Gary Schoening

Glenwood, community mettwurst (sausage) making
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Among the many sausages produced in the Midwest and in Iowa is mettwurst. This is a cold-smoked ring sausage, similar in texture to bratwurst but made in a bigger casing and produced by communities of platt Deutsch (linguistically known as Low German) in southwest and northwest, Iowa. Typically made in midwinter (the traditional time to slaughter hogs, due to the cold weather and lack of other high intensity farm duties), the sausage is ground, mixed with spices, and then smoked at 70 degrees F for three hours. Although northern Germans in Europe eat the sausage without further cooking, those Mineola community members of platt German descent do boil or grill the sausage after smoking to make sure that all bacteria are killed.

Gary Schoening, whose platt Deutsch community of Mineola in southwestern Iowa celebrated its 125th anniversary in 2005, told me that his community commemorates its annual founders day with the local production of mettwurst—not bratwurst, which are not part of the community’s heritage. Several families, including Schoening’s, continue to make their own recipe for home or church-consumption only, since the cold-smoked process is not sanctioned by the USDA.

Schoening’s family came to Iowa from Schleswig-Holstein in 1858 with thirty other families. Fleeing the Prussian take-over of their homeland, many residents of the region settled in first in Davenport area and then made their way west to southwest Iowa. Ormand Schoening, Gary’s father, like his father before him, farmed 220 acres and raised hogs, corn, and soy. Ormand also made about 300-400 lbs of mettwurst a year for family consumption as well as for peddling to friends and local bars. During the 1980s Farm Crisis, Gary along with a neighbor and a cousin considered taking over and starting a sausage business, but they ended up buying and running a doughnut shop instead.

St. John’s Lutheran Church in Mineola has long had an annual mid-February church supper that features boiled or grilled mettwurst as well as homemade sauerkraut, green beans, rye bread, fried potatoes, and banana cream pie. Each year they make and sell over 1200 lbs of sausage to church members and neighbors. People eat the sausage on the spot and buyextra to take home to mix with meatballs (for spaghetti), in spaghetti sauce, or on pizza--or to eat grilled or boiled. Since mettwurst is made only once a year, community members buy it up as soon as it goes on sale.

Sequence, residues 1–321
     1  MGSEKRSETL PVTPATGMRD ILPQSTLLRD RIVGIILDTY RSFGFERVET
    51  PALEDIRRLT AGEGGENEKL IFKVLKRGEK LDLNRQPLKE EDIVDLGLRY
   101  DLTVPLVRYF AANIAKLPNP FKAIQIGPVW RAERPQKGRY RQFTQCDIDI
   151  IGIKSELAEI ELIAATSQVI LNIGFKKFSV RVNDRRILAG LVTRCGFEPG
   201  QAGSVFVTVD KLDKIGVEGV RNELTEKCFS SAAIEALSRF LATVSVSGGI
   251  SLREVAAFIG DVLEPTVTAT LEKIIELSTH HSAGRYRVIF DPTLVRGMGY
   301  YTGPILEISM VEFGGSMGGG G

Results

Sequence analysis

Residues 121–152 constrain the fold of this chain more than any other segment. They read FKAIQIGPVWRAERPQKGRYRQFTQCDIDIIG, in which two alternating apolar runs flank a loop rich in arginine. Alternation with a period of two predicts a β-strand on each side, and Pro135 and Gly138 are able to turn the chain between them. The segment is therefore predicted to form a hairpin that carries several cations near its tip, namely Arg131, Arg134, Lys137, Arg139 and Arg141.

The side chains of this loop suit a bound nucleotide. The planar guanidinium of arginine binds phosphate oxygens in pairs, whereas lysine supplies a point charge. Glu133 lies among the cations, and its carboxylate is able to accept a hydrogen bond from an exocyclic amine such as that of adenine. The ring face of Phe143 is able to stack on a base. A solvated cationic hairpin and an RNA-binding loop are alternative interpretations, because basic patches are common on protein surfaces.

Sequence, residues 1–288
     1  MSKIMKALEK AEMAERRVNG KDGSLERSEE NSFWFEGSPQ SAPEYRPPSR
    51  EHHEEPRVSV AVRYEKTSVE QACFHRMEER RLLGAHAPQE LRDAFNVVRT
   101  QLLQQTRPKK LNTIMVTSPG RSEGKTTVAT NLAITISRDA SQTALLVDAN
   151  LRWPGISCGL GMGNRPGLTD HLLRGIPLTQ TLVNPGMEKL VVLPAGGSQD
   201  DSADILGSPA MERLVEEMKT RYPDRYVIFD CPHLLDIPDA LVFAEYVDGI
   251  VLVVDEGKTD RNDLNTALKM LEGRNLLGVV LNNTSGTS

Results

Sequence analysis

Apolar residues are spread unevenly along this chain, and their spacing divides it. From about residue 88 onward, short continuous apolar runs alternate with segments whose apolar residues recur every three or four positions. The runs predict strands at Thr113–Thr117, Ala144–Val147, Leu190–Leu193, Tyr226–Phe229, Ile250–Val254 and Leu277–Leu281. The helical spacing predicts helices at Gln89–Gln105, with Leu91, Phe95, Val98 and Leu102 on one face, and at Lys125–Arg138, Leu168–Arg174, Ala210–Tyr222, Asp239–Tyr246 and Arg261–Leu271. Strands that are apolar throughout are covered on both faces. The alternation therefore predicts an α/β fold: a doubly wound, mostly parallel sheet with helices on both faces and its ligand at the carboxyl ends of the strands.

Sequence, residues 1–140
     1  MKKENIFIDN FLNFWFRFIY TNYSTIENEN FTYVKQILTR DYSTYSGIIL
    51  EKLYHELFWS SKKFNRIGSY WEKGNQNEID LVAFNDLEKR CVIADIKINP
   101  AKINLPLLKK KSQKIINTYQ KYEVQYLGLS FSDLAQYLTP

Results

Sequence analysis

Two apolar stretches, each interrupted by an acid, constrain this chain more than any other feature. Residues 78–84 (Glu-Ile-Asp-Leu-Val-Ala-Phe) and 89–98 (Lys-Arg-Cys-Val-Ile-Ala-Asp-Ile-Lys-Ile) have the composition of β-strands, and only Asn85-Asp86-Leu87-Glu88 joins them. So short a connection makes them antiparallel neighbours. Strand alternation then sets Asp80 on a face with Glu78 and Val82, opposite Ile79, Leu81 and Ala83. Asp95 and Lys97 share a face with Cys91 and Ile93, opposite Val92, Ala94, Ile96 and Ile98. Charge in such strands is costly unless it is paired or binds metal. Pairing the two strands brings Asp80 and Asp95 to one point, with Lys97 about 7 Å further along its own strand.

Gary Schoening related that while few families in southwest Iowa are making the sausage today, when he was a child and a young adult, most families had their own recipe, which some kept as a family secret. Different families used slightly different spices or different cuts of pork. Gary’s family always included Boston butts or pork shoulder in the mixture, but in his opinion, it was the two hams from a hog his uncle would butcher that extra flavor to the sausage along with the addition of brown sugar, sage, salt, pepper, and some secret spices.

Everyone in the Schoening family was involved in the process. When Gary’s daughter was young, he would make mettwurst with her. Later on, one of his nieces from San Diego returned to learn how to make mettwurst the traditional family way. When Gary was young, his father, Ormand, was in charge of the seasoning, while Gary and his brother-in-law did the de-boning. There was a designated sausage stuffer, hand meat grinder, and mixer. Gary’s mother guided the casings during the stuffing process and also tied them off. The latter was the worst job, due to the danger of cut fingers.

Once the sausage was prepared, family members would make a fire in the smoke houses (small wooden buildings once found on every farm). Beds of coals were laid and wet logs gradually added to produce a lot of smoke and not much heat. But since air temperatures were pretty chilly at that time of year, spoilage was unlikely.

Besides the annual church supper in Mineola, mettwurst can be found at lockers in northwest Iowa. Until the early 1980s, lockers did use the traditional cold smoking method. At that time, the USDA began to regulate the process, which now requires hot smoking at 160 F.

Contact: Gary Schoening, 712/527-2044 (Work),

Photos courtesy of Gary Schoening